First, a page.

Monday, January 14, 2008

A monster in the making?

Jan 14, 2008

By Chua Mui Hoong

THE push by the Housing Board to get private-sector developers to build and sell HDB flats was always a bold but risky move.

When it was first announced in March 2005 in Parliament, the proposal drew only muted responses from parliamentarians.

Nearly three years on, the Design, Build and Sell Scheme (DBSS) has gained acceptance. Under this scheme, private companies develop and sell the flats, but only those who fulfil the Housing Board's income and other criteria can buy the flats.

It has won buyers' support, with over 6,000 applicants for 616 flats for the first project in Tampines launched in October 2006.

The second project at Boon Keng launched on Jan 5 attracted over 1,100 applicants on Day 1 of its launch despite average prices of $520 psf, high by public housing standards.

Buoyed by the positive response, HDB has set aside four more plots - in Bishan, Simei, Toa Payoh and Bedok - for privately developed public housing.

The DBSS may appear to be a success, given the enthusiastic market response.

But is it?

From a public policy perspective, there is a risk of the DBSS becoming a monster of the market's doing. It is timely to take stock of where the scheme is heading.

Some issues need to be addressed.

The first is whether the new breed of DBSS flats - public housing featuring condo-style finishes - can be considered 'public housing'. This has been aired in The Straits Times and The Sunday Times.

But to me, this is mere semantics. Whether you call such flats 'public housing' or 'hybrid housing', the fact is that it has the same ownership and income restrictions as Housing Board flats. To that extent, it's clearly 'public housing'.

But it's not 'public housing' if you think public housing means highly subsidised HDB flats.

Some Singaporeans may baulk at this suggestion, but I think it is perfectly acceptable to have 'public housing' devoid of public subsidies.

An analogy from health care suffices. Public hospitals here offer a range of services to patients: from highly subsidised C-class wards to less subsidised B-class wards, to A-class wards which are charged at full cost with no government subsidy. Patients choose according to their means and desired comfort level.

It is no bad thing if public housing evolves likewise, allowing people to choose flat sizes according to their means and desired comfort level. At the top end, those who want public housing with plush finishes can have them - without state funds to subsidise their penchant for trimmings.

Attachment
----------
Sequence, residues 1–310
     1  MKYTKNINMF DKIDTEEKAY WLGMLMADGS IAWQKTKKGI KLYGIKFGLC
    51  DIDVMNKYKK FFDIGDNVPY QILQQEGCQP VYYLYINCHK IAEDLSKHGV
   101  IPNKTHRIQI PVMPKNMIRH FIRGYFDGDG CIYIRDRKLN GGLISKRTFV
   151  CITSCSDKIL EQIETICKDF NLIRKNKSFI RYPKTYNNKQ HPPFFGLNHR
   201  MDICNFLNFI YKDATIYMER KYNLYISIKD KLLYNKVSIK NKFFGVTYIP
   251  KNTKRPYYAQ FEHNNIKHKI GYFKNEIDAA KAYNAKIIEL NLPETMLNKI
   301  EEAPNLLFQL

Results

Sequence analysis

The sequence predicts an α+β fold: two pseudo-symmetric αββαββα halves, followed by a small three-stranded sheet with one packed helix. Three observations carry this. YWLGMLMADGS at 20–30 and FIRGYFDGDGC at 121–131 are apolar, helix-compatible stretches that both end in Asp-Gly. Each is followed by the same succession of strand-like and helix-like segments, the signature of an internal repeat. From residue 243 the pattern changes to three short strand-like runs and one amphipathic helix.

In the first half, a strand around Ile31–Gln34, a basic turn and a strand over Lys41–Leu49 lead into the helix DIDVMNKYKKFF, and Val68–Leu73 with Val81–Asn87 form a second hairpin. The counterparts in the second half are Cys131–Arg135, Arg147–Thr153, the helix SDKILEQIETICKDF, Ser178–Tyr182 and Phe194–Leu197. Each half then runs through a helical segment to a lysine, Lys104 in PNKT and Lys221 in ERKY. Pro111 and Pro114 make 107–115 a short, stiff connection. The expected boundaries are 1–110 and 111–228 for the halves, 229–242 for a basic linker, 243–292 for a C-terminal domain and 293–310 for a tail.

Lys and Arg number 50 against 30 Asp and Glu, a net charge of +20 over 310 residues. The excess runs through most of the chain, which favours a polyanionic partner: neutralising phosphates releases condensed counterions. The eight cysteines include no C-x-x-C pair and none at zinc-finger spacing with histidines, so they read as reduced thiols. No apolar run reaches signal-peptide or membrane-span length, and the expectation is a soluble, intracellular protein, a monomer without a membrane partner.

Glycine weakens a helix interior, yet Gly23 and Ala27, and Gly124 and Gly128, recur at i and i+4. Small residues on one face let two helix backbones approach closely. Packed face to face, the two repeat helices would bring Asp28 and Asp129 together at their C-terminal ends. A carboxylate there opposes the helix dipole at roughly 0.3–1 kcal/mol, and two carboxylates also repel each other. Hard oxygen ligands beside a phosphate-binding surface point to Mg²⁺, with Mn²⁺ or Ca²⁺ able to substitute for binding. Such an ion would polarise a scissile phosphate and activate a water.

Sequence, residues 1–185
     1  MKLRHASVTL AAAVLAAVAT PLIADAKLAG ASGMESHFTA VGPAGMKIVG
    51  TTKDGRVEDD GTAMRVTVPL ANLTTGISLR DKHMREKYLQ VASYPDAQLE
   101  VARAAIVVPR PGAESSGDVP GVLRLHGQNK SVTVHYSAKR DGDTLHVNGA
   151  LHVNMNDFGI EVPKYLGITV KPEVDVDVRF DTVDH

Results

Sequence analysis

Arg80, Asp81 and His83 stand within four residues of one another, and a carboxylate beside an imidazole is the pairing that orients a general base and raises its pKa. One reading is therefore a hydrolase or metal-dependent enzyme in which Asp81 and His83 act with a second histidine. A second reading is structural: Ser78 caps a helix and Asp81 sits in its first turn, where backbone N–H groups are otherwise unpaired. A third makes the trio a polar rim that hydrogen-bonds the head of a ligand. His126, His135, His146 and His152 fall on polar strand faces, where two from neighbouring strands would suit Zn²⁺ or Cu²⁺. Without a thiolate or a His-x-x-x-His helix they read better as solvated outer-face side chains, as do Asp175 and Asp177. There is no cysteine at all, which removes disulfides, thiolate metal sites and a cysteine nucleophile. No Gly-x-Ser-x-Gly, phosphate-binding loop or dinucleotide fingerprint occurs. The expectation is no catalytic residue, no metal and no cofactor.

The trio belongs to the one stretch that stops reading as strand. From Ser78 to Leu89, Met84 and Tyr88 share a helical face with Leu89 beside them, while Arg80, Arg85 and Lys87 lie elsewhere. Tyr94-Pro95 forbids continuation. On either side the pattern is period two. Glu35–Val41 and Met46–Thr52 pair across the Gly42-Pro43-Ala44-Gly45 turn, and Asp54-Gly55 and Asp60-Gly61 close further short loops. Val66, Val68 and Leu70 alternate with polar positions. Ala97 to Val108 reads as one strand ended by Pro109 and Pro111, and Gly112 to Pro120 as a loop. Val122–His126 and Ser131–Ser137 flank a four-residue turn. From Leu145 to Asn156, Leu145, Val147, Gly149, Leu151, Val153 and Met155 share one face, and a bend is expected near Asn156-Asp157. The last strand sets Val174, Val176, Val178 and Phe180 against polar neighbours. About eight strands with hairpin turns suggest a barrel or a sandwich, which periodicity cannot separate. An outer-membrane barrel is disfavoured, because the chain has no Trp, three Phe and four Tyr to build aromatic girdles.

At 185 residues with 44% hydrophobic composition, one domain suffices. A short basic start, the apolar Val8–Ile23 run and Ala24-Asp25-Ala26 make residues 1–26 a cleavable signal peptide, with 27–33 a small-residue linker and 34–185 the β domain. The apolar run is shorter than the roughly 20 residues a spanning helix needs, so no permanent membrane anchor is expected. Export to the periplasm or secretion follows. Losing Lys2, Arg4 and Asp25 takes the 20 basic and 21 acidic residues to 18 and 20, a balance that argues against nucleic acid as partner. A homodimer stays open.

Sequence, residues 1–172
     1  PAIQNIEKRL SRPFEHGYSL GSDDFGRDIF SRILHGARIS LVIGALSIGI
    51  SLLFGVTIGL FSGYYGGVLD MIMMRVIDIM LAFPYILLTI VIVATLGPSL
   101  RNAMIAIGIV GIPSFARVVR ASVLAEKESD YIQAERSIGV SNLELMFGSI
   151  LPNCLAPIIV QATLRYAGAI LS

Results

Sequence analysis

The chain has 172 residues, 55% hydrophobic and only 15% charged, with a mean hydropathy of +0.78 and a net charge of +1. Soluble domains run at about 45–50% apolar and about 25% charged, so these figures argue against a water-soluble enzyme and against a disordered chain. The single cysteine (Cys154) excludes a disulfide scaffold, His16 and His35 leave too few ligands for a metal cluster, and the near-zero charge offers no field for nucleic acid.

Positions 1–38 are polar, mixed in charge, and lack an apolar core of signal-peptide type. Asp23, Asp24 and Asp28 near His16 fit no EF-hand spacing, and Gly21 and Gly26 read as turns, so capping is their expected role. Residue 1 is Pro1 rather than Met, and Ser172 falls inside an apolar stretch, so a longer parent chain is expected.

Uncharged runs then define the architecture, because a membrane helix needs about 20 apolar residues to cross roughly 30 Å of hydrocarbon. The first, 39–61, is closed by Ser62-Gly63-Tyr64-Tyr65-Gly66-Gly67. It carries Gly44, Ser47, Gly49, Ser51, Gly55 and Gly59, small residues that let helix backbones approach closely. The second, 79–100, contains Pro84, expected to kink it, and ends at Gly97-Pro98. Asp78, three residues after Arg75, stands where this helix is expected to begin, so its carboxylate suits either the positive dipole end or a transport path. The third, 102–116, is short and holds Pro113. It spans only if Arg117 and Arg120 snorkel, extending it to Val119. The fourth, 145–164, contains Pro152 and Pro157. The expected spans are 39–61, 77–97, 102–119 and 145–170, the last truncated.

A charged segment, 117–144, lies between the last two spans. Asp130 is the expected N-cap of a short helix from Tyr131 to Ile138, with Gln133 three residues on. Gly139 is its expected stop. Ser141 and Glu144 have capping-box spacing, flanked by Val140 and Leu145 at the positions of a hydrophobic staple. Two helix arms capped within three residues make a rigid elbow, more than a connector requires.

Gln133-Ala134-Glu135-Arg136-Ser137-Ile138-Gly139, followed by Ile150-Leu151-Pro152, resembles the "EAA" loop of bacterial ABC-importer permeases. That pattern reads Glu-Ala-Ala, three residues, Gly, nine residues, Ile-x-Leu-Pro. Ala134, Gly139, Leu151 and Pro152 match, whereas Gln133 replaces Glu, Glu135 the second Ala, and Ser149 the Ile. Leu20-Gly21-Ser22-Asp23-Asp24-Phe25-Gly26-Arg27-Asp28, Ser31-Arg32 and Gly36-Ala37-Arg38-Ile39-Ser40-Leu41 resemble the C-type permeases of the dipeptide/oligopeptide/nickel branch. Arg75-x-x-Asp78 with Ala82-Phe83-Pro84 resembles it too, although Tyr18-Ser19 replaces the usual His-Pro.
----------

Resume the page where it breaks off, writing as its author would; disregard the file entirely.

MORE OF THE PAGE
The other pertinent issue about DBSS is affordability. With prices at City View@Boon Keng averaging $520 psf, and three-bedroom units heading north of $700,000, concern has been raised about whether public housing remains affordable.

Here, it's critical to keep an eye on the big picture: the total supply of HDB flats available.

In other words, to keep flats affordable, HDB will simply have to make sure there is ample supply of low-cost, subsidised flats to cater to those who need it, even while it offers high-end flats with costlier finishes. So DBSS flats with condo-style finishes should not constitute the majority of public housing.

In November 2007, HDB announced that there would be a supply of 7,000 new flats available from then to June 2008.

Another 3,200 flats will be built under the DBSS and executive condominium schemes. In other words, 'hybrid' or high-end 'public housing' flats will make up about 30 per cent of the new flats. That still leaves 70 per cent of traditional, subsidised HDB flats.

The Ministry of National Development (MND) and HDB will have to figure out if a 70-30 per cent mix of subsidised and high-end public housing is the right mix at this time. If not, it will have to recalibrate supply.

So HDB will have to manage the supply of new HDB flats, and make sure prices for subsidised flats are affordable.

Beyond that, those concerned about affordability should note that there are other HDB flats to choose from, which are quite a bit lower in price than those spanking new flats at Boon Keng.

In October, new four-room HDB flats in Telok Blangah went on sale for $308,000 to $402,000. Assuming sizes of about 1,000 sq ft, that works out to about $300-$400 psf - for new flats close to the city.